The 1031 exchange, often referred to as a like-kind exchange, is a powerful tax strategy that allows real estate investors to defer capital gains taxes on the sale of one property by reinvesting in another property of equal or greater value. While the traditional 1031 exchange involves selling your current property first and then identifying and acquiring a replacement property, there’s another lesser-known approach called the reverse 1031 exchange. In this blog, we’ll explore the concept of a 1031 reverse exchange, its benefits, and the rules and guidelines that must be followed to execute it successfully.
A 1031 reverse exchange is a tax-deferral strategy that allows real estate investors to acquire the replacement property before selling their relinquished property. In a traditional 1031 exchange, the process typically starts with selling the relinquished property and then identifying and acquiring the replacement property within specific timeframes. In contrast, a reverse exchange flips this sequence.
In a reverse exchange, an investor acquires the replacement property first, using a special purpose entity ( referred to as an Exchange Accommodation Titleholder or EAT). The EAT holds title to the replacement property under the terms of a qualified exchange accommodation agreement (“QEAA”). Once the sale of the relinquished property or properties is complete, the taxpayer completes the exchange into the replacement property. The IRS has created a “safe harbor” for reverse exchanges, which means a taxpayer can engage in this type of transaction with the confidence that the IRS will not challenge the tax deferral.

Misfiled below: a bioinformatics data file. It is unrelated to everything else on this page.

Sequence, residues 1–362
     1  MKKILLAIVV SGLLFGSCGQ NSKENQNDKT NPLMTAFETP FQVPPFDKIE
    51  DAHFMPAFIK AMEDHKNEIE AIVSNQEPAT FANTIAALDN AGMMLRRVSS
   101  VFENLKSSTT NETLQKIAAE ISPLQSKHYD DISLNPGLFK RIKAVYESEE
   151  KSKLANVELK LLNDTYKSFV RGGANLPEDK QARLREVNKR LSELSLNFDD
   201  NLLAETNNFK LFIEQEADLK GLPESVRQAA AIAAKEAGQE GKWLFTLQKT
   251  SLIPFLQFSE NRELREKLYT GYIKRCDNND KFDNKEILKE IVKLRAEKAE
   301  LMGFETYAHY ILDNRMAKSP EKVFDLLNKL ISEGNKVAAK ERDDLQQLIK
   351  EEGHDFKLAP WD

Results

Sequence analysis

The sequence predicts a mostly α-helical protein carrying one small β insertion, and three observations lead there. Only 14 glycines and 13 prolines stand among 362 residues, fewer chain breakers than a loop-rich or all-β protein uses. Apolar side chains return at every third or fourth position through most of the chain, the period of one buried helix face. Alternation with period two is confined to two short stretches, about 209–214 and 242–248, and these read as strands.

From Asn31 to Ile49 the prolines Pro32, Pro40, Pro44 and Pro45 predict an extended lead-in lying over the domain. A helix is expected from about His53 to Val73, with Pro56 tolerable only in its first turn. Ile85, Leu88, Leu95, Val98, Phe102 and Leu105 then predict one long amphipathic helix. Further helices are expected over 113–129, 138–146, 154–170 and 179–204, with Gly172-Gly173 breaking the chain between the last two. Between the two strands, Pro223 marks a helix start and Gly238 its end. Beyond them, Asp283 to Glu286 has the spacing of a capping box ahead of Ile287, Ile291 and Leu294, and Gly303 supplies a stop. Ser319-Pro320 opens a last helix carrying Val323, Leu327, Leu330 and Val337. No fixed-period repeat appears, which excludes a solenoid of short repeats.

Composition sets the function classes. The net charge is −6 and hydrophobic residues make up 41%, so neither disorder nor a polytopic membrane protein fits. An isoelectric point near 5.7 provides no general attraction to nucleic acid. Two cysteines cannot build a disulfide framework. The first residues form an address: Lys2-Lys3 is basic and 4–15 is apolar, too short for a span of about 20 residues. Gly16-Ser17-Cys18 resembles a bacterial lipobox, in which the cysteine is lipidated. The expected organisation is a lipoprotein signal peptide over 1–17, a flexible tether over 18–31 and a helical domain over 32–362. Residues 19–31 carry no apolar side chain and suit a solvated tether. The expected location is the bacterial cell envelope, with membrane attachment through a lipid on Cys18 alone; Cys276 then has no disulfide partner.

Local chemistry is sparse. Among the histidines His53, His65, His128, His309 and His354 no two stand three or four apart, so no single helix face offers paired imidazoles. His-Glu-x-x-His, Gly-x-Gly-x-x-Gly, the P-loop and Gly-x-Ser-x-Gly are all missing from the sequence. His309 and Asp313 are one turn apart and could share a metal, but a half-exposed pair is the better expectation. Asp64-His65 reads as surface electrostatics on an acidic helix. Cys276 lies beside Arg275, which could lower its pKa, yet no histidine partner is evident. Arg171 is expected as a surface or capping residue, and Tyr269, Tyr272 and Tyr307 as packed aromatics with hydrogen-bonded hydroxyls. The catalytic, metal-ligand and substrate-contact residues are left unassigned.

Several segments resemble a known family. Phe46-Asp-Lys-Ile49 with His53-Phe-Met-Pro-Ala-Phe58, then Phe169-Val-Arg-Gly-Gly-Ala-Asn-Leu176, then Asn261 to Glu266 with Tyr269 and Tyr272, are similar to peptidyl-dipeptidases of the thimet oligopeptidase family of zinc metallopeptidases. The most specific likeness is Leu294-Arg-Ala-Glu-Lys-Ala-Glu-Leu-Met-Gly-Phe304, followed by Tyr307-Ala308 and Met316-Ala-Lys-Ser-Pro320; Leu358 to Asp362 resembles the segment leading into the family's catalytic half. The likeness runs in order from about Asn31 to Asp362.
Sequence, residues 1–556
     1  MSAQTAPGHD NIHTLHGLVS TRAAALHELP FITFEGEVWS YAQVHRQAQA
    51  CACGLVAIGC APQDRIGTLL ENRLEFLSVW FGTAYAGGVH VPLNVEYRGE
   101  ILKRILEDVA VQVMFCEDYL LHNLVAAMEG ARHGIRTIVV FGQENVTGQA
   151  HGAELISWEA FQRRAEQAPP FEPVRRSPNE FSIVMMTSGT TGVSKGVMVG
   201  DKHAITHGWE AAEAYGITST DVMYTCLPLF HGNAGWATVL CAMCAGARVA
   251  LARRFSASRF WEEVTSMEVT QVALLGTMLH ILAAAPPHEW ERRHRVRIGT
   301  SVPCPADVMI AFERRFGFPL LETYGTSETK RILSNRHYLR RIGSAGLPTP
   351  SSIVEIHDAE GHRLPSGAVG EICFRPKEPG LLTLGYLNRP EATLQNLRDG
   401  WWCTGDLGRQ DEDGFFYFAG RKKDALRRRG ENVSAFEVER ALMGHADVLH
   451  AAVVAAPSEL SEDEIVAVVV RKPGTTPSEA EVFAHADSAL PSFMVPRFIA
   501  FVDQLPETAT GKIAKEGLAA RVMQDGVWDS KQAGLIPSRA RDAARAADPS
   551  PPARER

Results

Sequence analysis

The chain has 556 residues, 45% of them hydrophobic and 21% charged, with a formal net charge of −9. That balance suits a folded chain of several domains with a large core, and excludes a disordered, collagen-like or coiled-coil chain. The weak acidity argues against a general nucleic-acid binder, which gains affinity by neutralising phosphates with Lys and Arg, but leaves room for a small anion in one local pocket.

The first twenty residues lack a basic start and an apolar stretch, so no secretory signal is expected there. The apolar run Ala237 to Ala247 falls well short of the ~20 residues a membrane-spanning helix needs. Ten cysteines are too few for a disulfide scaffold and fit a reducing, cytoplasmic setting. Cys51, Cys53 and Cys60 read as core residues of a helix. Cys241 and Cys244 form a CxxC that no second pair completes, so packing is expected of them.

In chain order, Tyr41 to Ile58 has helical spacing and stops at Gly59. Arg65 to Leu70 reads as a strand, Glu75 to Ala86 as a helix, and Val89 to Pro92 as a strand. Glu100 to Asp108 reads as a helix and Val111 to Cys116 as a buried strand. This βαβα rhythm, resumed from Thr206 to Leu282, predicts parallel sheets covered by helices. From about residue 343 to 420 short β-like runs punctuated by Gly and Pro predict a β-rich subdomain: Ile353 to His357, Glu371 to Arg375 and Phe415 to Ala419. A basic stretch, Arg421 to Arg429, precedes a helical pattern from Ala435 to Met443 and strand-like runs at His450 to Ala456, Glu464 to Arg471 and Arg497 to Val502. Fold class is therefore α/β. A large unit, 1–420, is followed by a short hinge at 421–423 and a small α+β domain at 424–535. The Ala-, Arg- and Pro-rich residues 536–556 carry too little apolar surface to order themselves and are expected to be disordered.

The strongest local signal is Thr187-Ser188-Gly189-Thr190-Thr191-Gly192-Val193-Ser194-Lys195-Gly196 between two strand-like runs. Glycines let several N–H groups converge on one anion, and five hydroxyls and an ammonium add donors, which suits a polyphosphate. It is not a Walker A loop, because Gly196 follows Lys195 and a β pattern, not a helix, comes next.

A reverse exchange allows a taxpayer to acquire a desired property prior to completing the sale of an existing property. The reverse exchange also allows the taxpayer to designate multiple relinquished properties, with either some or all being included in the desired exchange. This strategy is particularly useful in a seller’s market where finding suitable replacement property is more challenging than disposing of the taxpayer’s current property.
Investors often use reverse exchanges to make improvements to the replacement property while held by the EAT. This strategy allows the investor to add the value of qualified improvements to the acquisition cost of the replacement property, which in turn increases the total value of the property, which can increase the tax deferral.
A reverse exchange can help investors lock in a favorable replacement property in a volatile real estate market before market conditions change. This can be especially valuable when the investor believes that prices or interest rates may rise.
There are multiple reasons why a closing may be extended or delayed. A taxpayer who intends to complete a forward exchange can confidently convert to a reverse exchange without risking their tax deferral.
Revenue Procedure 2000-37 sets forth the method for completing a successful 1031 reverse exchange. Under the Revenue Procedure, the taxpayer can “park” either the relinquished or replacement property. It is easier and more common to park the replacement property. Here’s a step-by-step guide to where the replacement property is parked with an EAT:
First and foremost, consult with qualified professionals, including tax advisors, real estate attorneys, and a qualified intermediary (QI) specializing in 1031 exchanges. They will help you navigate the complex rules and ensure compliance with the IRS safe harbor regulations outlined in Revenue Procedure 2000-37.